How Much Does A CIA Agent Make?

How Much Does A CIA Agent Make?

Out of the many clandestine jobs that people love to speculate about, Central Intelligence Agency (CIA) agent is one of the most mysterious. Scores of films, television shows, and books have made the lives of these agents look like thrill-a-minute, globe-hopping adventures. This image of CIA agents was reified as recently as the summer 2016 blockbuster Jason Bourne, which depicts the CIA teaming up with a hugely successful tech company (a thinly veiled version of Facebook) to increase the reach of its surveillance.

Undoubtedly, the existence of the CIA and other agencies like it provide great fodder for authors like Robert Ludlum (of the Bourne series) and Tom Clancy, who have helped engender the perception of the agency as a cabal of stealthy spies and shadowy operatives. But Ludlum and Clancy are hardly known as literary realists, and when it comes to the CIA, the reality isn’t nearly as action-packed and blood-soaked as the Bourne movies let on. In asking questions about how CIA agents work — such as, “How much does a CIA agent make?” or “Where can CIA agents operate?” — it’s important to not leap to the most fanciful claims. This How Much Guide to the realities of a CIA agent won’t be as rip-roaring as a spy thriller, but it will have the benefit of accuracy.

What is a CIA Agent?

Before getting into the specifics of a CIA agent’s career, it’s helpful to first define terms. “CIA agent” does not mean one who goes out into the world, gun at the ready, looking to avert some potential international crisis in the style of the Bourne series. Perhaps there are some agents who come close to fitting that bill, but the CIA is a big institution, meaning that not every one of its employees can be gallivanting around the world looking for trouble. The CIA has many needs that need to be met, which requires them to fulfill a broad range of tasks — many, if not most of which don’t involve shoot ’em ups.

Frame from Jason Bourne (2016), starring Matt Damon as a rogue former CIA operative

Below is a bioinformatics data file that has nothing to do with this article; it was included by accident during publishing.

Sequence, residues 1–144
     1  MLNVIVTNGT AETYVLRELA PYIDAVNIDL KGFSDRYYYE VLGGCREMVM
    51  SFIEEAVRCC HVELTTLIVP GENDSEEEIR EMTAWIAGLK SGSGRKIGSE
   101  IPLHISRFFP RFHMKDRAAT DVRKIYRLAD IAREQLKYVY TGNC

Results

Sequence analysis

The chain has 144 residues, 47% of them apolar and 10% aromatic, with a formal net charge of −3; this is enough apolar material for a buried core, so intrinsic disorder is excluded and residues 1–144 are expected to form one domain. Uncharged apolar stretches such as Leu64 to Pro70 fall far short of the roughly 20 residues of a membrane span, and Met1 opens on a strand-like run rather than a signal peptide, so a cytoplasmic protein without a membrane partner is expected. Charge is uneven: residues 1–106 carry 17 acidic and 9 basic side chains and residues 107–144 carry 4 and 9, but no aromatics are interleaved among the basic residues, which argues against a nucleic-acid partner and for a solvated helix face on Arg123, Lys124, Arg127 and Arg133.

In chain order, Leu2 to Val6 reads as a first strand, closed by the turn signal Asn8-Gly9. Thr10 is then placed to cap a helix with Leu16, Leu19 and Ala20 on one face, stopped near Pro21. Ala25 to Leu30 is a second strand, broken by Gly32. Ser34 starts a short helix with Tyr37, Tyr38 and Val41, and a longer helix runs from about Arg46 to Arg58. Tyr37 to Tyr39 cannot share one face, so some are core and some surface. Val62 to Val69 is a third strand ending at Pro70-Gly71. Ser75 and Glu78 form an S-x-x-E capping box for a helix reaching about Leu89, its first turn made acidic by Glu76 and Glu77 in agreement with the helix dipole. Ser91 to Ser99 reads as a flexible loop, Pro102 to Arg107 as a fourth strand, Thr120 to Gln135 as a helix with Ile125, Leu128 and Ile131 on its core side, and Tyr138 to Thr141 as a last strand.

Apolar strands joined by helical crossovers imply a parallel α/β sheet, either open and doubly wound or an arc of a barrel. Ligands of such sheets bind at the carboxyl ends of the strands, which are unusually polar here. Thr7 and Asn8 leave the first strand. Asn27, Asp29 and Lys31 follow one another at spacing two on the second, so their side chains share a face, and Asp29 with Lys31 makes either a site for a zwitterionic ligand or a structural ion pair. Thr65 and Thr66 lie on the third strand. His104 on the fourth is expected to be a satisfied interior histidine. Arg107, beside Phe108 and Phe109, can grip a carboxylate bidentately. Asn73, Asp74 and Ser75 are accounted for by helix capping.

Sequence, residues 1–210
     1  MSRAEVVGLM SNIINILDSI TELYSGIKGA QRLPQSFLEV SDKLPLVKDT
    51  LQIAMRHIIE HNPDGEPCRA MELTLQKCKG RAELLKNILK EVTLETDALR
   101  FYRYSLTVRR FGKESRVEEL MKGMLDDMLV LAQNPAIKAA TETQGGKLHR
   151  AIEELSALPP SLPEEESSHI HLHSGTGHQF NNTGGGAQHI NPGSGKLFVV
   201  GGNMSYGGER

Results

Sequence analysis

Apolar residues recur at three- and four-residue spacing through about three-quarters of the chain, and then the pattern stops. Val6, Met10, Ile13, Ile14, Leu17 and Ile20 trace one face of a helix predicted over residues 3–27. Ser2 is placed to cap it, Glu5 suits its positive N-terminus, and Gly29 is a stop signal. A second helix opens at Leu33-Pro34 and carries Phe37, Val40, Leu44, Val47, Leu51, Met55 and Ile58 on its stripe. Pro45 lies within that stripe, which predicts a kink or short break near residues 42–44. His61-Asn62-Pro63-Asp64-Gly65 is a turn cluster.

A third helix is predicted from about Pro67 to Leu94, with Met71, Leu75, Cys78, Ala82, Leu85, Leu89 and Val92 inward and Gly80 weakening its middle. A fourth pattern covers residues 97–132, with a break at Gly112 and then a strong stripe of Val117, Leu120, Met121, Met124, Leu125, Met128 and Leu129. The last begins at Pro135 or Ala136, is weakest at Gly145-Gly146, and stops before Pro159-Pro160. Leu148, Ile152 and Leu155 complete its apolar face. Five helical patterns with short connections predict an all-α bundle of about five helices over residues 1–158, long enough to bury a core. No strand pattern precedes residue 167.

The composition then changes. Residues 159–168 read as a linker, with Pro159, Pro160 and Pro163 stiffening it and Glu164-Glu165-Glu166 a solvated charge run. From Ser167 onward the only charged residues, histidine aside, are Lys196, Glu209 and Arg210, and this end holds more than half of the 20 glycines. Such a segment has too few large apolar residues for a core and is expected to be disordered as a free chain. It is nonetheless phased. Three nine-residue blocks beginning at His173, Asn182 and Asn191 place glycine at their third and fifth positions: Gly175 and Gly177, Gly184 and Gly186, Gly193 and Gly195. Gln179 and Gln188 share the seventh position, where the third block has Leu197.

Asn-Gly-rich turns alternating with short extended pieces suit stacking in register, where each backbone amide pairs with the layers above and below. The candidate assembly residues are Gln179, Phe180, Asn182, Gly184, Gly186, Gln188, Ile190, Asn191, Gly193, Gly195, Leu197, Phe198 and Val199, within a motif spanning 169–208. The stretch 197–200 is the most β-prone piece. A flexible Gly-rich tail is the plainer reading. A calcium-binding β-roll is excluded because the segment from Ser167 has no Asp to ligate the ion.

In knowing what CIA agents do, one must first know the directive of the CIA itself. The Central Intelligence Agency’s name is apt, in that it is an agency that provides intelligence to the central command of the country — in this case, the Executive branch of the United States, which is led by the President. Whereas the Federal Bureau of Investigation (FBI) focuses on domestic issues, the CIA gathers intelligence from all across the globe; though it does have some domestic operations, they are largely overshadowed by the international operations of the CIA.

In gathering intelligence from around the globe, the CIA has a few main aims:

Counterterrorism: This has become perhaps the biggest directive of not just the CIA but also the United States military, following the attacks on September 11th. One of the biggest challenges in responding to terrorism is learning to adapt to the new rules of war. It used to be that enemies at war followed certain rules of conduct, such as wearing clothing that clearly denotes one’s country and respecting prisoners of war. Terrorism, which involves non-state actors (that is, those who belong to no country) who answer to no one, completely thwarts the traditional rules of war. In order to effectively address this, agencies like the CIA need to collect data to figure out how countries like the US can fight wars where the definition of war is constantly changing.

Domestic Protection: Threats to the United States can come from anywhere, other countries included. This is where the intelligence that the CIA collects is valuable, for it allows the US government to better identify future threats.

An example that helps illustrate how the CIA approaches domestic protection comes from the world of airport security. Jeffrey Goldberg famously pointed out in The Atlantic that the Transport Security Administration (TSA) is deluding itself if it thinks that by erecting as many barriers as possible at airports, it will weed out any and all airport attacks. The real work that needs to be done, Goldberg argues, happens before would-be attackers enter the airport. If it has gotten to the point where an attacker feels comfortable even pulling up to the airport, then the security community has not done its job. Similarly, the CIA’s task is to protect the United States from potential foreign threats, but in doing so it must be proactive in its intelligence gathering. It does no good to build up walls if you know nothing of the agents that would threaten them.